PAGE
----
The factors that make President Bush a vulnerable incumbent have almost nothing to do with his opponent, John F. Kerry. They stem directly from two closely linked high-stakes policy gambles that Bush chose on his own. Neither has worked out as he hoped.
The first gamble was the decision to attack Iraq; the second, to avoid paying for the war. The rationale for the first decision was to remove the threat of a hostile dictator armed with weapons of mass destruction. The weapons were never found. The rationale for the second decision -- the determination to keep cutting taxes in the face of far higher spending for Iraq and the war on terrorism -- was to stimulate the American economy and end the drought of jobs. The deficits have accumulated, but the jobs have still not come back.
If Bush can win re-election despite the failure of his two most consequential -- and truly radical -- decisions, he will truly be a political miracle man. But as his own nominating convention approaches, the odds are against him.
Why call these decisions radical? From World War I right through the first Gulf War, the United States had never initiated hostilities or invaded a major country without the provocation of an attack from that country on this nation or its allies. Bush changed that by announcing a new doctrine of "pre-emptive war" and applying it first to Iraq. Iraq was a military dictatorship with a horrible record of human rights abuse and a well-earned reputation as an international malefactor, which had attacked its neighbors.
But the urgency that Bush cited for moving against Saddam Hussein was the threat he posed by his possession of chemical and biological weapons and his pursuit of nuclear arms. "Iraq's weapons of mass destruction are controlled by a murderous tyrant," Bush said in his major domestic speech justifying the war. "If we know that Saddam Hussein has dangerous weapons today -- and we do -- does it make any sense for the world to wait to confront him as he grows even stronger and develops even more dangerous weapons?"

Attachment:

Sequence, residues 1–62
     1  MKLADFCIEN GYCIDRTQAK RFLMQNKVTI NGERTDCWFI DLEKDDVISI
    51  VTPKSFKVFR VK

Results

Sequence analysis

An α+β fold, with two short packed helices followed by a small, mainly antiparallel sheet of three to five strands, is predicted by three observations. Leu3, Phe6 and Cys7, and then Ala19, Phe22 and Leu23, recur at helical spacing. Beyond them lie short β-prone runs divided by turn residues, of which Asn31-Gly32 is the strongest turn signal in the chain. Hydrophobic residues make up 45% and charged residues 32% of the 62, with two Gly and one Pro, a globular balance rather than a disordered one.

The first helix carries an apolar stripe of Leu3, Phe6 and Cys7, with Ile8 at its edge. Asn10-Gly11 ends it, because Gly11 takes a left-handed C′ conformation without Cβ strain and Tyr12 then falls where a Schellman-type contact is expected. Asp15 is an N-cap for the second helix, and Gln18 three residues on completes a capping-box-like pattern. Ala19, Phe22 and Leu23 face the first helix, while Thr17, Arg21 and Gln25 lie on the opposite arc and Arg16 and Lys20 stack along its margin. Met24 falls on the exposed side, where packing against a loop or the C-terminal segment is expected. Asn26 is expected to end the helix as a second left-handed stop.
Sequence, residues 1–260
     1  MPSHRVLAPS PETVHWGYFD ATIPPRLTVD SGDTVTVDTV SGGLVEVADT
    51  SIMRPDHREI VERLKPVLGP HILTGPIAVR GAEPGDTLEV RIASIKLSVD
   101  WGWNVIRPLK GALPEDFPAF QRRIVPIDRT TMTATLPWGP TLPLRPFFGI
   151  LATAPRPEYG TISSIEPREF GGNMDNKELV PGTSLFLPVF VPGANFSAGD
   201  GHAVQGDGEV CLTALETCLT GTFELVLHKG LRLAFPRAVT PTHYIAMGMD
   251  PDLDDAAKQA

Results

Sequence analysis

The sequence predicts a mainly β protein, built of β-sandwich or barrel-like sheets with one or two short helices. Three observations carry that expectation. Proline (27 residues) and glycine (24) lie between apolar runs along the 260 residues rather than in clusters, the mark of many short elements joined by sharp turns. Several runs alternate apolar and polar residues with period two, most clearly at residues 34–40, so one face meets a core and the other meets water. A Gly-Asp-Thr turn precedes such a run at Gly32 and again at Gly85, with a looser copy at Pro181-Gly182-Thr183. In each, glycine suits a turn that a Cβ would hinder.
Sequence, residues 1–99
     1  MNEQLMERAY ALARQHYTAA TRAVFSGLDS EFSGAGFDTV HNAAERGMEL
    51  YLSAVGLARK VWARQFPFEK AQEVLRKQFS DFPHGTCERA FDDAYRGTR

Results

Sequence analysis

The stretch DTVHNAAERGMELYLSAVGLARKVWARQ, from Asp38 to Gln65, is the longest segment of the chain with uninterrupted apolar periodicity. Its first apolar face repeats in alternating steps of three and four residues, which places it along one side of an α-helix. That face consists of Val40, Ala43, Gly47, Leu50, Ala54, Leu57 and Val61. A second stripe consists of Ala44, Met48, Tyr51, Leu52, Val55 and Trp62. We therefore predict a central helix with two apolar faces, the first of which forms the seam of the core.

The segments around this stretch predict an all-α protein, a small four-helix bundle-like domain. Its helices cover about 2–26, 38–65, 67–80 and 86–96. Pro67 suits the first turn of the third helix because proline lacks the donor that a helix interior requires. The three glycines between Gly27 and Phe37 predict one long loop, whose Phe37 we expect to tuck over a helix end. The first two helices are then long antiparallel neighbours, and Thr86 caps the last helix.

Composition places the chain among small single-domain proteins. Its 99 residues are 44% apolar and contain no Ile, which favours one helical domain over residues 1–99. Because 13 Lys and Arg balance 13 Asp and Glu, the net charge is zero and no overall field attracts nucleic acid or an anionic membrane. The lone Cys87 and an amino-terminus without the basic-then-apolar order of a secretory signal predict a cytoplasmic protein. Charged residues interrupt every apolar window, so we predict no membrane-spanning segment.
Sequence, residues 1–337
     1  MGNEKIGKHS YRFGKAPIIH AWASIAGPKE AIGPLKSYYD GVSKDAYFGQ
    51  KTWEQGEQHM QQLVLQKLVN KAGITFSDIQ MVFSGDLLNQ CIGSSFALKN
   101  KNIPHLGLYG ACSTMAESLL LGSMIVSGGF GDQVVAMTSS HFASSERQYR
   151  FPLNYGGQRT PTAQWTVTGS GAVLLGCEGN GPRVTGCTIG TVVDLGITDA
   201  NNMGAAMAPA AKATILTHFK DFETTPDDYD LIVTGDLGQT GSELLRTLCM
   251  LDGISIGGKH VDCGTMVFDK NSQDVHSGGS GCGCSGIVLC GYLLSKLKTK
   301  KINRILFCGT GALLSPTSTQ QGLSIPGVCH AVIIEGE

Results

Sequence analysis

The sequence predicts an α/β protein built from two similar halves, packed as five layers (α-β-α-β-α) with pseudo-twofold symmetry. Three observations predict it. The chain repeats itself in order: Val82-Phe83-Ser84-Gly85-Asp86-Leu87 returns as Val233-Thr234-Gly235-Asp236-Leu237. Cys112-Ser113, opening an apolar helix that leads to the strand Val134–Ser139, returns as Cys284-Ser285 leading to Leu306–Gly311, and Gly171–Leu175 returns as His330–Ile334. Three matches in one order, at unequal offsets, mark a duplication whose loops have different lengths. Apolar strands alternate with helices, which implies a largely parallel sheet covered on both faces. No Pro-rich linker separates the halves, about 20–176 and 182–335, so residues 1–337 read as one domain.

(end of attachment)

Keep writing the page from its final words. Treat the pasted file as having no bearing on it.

Long after Saddam was defeated and captured, the American forces occupying Iraq have found no evidence of the supposed stockpiles of weapons of mass destruction. The rationale for a war that has taken nearly 1,000 American lives, caused several thousand American casualties and cost well over $100 billion does not exist.
Linked to the decision to go to war was the decision not to do what every other wartime American president has done -- raise taxes to pay for the costs of hostilities. Instead, in the face of growing annual deficits, Bush continued to press a compliant Republican Congress for more and bigger tax cuts. In 2003, when he asked Congress for $87 billion for Iraq, Bush said, "I heard somebody say, 'Well, what we need to do is have a tax increase to pay for this.' That's an absurd notion. You don't raise taxes when an economy is recovering. Matter of fact, lower taxes will help enhance economic recovery. We want our people going back to work."
Despite the triple dose of stimulus -- tax cuts on top of historically low interest rates set by the Federal Reserve Board on top of a huge increase in federal defense and domestic spending -- the recovery from a not-very-severe recession during the first year of Bush's term has been painfully weak. Especially when it comes to his No. 1 goal of producing jobs.
As a result, Bush finds himself defending the loss of more than 1 million jobs during his tenure -- the first president, as Democrats love to point out, since Herbert Hoover to suffer an actual job loss in office. The 32,000 jobs added to the economy in July were the smallest number this year, raising fears that the recovery proclaimed last spring may be losing steam.
Just before the new numbers came out, the president was bragging to campaign audiences, "When it comes to creating jobs for America's workers, we've turned the corner, and we're not turning back." Democrats are making that phrase as famous -- or infamous -- as the "Mission Accomplished" sign on the aircraft carrier Bush visited to celebrate prematurely the end of major fighting in Iraq.
The president has suffered other blows to his credibility -- a survey of seniors last week showed major doubts about his touted Medicare prescription drug plan. But they pale in importance compared to Iraq and the economy. In The Washington Post's polls every month since January, more voters have voiced disapproval of his performance on those two issues than approval.
Time is short for changing people's minds. Bush is dragging two huge weights -- and he has no one to blame but himself.
David Broder is a columnist for Washington Post Writers Group.